Same-sex Marriage and Last Names

So what happens when Adam Johnson marries Steve Smith? Do they keep their last names as is? Do they become Adam and Steve Johnson-Smith? Mr. and Mr. Smith-Johnson? Adam and Steve Smith? The Smohnsons?

Whether or not it’s officially called “marriage” in their state, gay and lesbian couples are tying the knot around the country. Among the less contentious but still interesting side issues raised by the same-sex marriage debate is how to handle last names. We all know that, in our patriarchal system for heterosexual marriages, the wife customarily takes her new husband’s name. Of course, that convention has been challenged by women who retain their original last names, as well as the equitable hyphenated lot.

So how can gay couples handle last names? Regardless of same-sex marriage laws, an individual is largely free to change his or her name through the court system. This means that, even if a union isn’t recognized by a state government, couples have more name options than they can shake a stick at. Let’s consider them:

Same-sex marriage and last names: Option 1
Keep both names the same. Probably the most popular route for now, this continuation of the status quo is easy. Linda Jones and Beth Thompson stay Linda Jones and Beth Thompson, eliminating confusion and hassle. One can argue that, since same-sex marriage already bucks social convention, gay couples are freed from the traditional expectation to use the same last name and should just keep their surnames as is. At the same time, one can also argue that this option doesn’t allow for the same public, identity-altering symbolism inherent in a shared last name.

Same-sex marriage and last names: Option 2
Hyphenation. On one hand, it seems equitable and fair for two life partners to join up their last names like railroad cars: Ron Essex and Drew Daley, for example, can become Mr. And Mr. Essex-Daley or Mr. And Mr. Daley-Essex, selecting the better sounding combination. But hyphenated last names aren’t always so simple. What if Mike Czanznak marries Anthony Giovanelli? Mr. Czanznak-Giovanelli doesn’t have quite the same ring to it. There’s also the possibility that one of the two partners already has a hyphenated last name, and I don’t think that Clayton Parker-Chan would want to become Clayton Parker-Chan-Jennings upon marrying Tim Jennings. Hyphenation can work, but it’s largely dependent on the last names involved.

Same-sex marriage and last names: Option 3
One spouse takes the other’s surname. This is the gay take on the heterosexual convention: Wendy Schmidt and Joan Weinstein can become Wendy and Joan Weinstein. Or Wendy and Joan Schmidt. Either way, one partner must willingly give up his or her original last name to take on a partner’s. A person eager to give up a name they dislike may be satisfied with this. But it almost implies that one partner is the “male” spouse while the other is the “female” spouse, and there’s already a troubling and archaic notion among the ignorant that same-sex couples pursue different binary gender roles. So while this option can, in some respects, be easier than hyphenation, it also suggests that one person is subserviently folding into the other.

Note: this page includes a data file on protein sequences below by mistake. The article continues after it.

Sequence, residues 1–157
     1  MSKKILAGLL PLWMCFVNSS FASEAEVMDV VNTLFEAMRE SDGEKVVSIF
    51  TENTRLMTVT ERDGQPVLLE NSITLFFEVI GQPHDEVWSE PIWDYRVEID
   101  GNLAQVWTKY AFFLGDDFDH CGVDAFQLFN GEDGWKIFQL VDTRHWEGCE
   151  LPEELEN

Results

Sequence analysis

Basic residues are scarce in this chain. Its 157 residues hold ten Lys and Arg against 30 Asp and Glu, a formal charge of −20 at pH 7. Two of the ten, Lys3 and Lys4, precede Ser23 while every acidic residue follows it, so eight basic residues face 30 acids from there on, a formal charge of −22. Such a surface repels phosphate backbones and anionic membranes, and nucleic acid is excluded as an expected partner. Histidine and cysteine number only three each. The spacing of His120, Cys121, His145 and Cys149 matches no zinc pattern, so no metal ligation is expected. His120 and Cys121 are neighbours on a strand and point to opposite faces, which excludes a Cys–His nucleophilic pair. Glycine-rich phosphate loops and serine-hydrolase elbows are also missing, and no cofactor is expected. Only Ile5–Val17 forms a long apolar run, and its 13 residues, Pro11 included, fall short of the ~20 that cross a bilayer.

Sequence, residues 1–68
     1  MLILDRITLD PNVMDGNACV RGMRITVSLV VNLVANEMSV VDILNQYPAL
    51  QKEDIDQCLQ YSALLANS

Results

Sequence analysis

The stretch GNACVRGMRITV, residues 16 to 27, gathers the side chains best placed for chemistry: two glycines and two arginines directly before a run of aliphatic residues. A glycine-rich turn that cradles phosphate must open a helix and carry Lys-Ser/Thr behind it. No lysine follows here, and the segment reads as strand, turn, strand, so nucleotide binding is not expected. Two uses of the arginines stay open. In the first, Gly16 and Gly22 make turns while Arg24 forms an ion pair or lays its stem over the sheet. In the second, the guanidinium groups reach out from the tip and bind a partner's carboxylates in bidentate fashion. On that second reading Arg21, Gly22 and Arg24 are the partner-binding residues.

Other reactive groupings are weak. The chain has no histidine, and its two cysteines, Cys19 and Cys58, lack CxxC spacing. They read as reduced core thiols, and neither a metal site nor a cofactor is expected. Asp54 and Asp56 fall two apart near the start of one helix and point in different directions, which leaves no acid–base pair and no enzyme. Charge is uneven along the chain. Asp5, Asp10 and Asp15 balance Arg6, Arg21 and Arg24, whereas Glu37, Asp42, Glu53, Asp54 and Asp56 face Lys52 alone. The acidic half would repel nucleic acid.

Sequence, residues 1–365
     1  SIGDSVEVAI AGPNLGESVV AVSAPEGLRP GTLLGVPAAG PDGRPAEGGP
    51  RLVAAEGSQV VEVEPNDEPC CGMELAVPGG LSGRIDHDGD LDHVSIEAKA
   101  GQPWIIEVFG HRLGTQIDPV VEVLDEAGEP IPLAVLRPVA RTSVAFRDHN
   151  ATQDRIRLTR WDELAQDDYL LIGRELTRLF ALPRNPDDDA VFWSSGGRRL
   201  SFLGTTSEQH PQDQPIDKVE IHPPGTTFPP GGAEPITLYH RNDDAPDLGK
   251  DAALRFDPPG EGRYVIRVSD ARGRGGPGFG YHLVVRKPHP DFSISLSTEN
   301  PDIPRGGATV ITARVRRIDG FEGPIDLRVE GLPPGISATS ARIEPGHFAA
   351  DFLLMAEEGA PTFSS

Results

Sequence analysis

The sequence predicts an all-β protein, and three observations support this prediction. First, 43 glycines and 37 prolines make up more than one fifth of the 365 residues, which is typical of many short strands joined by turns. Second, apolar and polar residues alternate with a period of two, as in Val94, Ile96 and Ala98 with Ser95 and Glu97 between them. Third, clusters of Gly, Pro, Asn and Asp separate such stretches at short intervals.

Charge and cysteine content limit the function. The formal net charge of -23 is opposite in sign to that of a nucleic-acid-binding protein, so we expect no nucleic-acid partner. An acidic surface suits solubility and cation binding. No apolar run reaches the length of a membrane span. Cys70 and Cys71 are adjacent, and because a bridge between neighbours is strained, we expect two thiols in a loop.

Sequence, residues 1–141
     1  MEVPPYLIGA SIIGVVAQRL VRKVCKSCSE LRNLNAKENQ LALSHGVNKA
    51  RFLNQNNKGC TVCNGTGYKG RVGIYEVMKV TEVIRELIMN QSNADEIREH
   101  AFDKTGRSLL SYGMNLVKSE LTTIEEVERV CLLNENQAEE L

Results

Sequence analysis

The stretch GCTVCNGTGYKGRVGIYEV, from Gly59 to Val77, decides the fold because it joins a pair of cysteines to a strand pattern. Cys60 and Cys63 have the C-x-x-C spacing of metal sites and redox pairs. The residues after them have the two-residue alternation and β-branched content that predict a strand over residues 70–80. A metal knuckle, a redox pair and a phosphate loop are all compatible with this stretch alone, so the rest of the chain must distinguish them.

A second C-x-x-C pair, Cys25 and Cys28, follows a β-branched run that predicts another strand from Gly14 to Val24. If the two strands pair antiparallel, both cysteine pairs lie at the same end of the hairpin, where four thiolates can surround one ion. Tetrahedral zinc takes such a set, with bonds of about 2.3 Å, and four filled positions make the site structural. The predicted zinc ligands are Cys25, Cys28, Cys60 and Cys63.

Same-sex marriage and last names: Option 4
The couple selects a brand new last name. Admittedly, this is a more creative approach, yet one of the things I’ve admired about openly gay couples is their natural willingness to entertain the unconventional. The new joint name could combine existing last names, with Jon Englewood and Jose Martinez becoming the “Marwoods,” for instance. Paul Yardley and Dave Schubert may become the “Schuleys” – or, less attractively, the “Yardberts.” Of course, there’s nothing barring Ari Rosenbloom and Radek Ocasik from just becoming Mr. and Mr. Kennedy (or any other seemingly random surname). While I laud the gay couples who pursue bolder tacks, these changes are harder to implement and harder for friends and loved ones to grasp.

Same-sex marriage and last names: Final thoughts
With these four main options, gay and lesbian couples getting married or otherwise partnering up can decide how they want to change their last names, if at all. And that joint choice, befuddling as it can be, is what freedom’s all about.

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